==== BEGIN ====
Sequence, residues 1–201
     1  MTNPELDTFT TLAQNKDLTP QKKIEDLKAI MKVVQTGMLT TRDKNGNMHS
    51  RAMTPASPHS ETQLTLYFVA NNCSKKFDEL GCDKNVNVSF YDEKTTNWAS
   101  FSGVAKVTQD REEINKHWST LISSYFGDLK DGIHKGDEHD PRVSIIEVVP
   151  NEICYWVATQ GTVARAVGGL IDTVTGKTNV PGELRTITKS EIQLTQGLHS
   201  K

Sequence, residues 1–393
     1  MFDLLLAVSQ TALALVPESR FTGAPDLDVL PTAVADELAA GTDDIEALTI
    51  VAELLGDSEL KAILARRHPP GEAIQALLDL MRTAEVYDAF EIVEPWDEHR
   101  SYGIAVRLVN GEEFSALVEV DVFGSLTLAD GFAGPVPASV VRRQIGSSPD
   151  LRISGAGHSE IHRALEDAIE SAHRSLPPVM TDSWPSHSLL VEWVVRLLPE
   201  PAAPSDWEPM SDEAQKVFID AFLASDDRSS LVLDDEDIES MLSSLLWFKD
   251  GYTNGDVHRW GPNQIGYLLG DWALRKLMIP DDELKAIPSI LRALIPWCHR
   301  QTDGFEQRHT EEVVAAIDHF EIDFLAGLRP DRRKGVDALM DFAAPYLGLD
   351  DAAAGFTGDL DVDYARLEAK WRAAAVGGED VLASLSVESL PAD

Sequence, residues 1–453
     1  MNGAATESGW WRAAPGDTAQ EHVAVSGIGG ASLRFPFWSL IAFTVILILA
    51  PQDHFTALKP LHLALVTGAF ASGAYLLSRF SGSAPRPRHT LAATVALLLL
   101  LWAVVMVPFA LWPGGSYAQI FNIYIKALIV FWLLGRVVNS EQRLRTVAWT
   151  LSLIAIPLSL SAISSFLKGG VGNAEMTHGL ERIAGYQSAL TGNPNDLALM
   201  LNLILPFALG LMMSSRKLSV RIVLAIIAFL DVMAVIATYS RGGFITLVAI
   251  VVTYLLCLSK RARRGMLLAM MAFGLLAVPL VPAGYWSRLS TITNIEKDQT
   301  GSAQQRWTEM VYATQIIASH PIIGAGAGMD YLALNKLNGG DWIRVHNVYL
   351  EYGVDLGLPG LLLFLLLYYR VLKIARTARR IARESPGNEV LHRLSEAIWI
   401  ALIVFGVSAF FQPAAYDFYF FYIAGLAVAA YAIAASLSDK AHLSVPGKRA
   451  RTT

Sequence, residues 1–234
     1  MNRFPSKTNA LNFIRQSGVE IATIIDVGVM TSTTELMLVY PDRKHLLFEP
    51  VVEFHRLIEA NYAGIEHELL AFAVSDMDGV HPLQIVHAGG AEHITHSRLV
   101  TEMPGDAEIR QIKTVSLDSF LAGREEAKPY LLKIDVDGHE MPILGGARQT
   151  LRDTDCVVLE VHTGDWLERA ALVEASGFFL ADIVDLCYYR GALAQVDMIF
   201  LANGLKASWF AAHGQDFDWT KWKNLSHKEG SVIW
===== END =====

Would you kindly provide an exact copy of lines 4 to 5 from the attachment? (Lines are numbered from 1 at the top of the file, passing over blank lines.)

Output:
   101  FSGVAKVTQD REEINKHWST LISSYFGDLK DGIHKGDEHD PRVSIIEVVP
   151  NEICYWVATQ GTVARAVGGL IDTVTGKTNV PGELRTITKS EIQLTQGLHS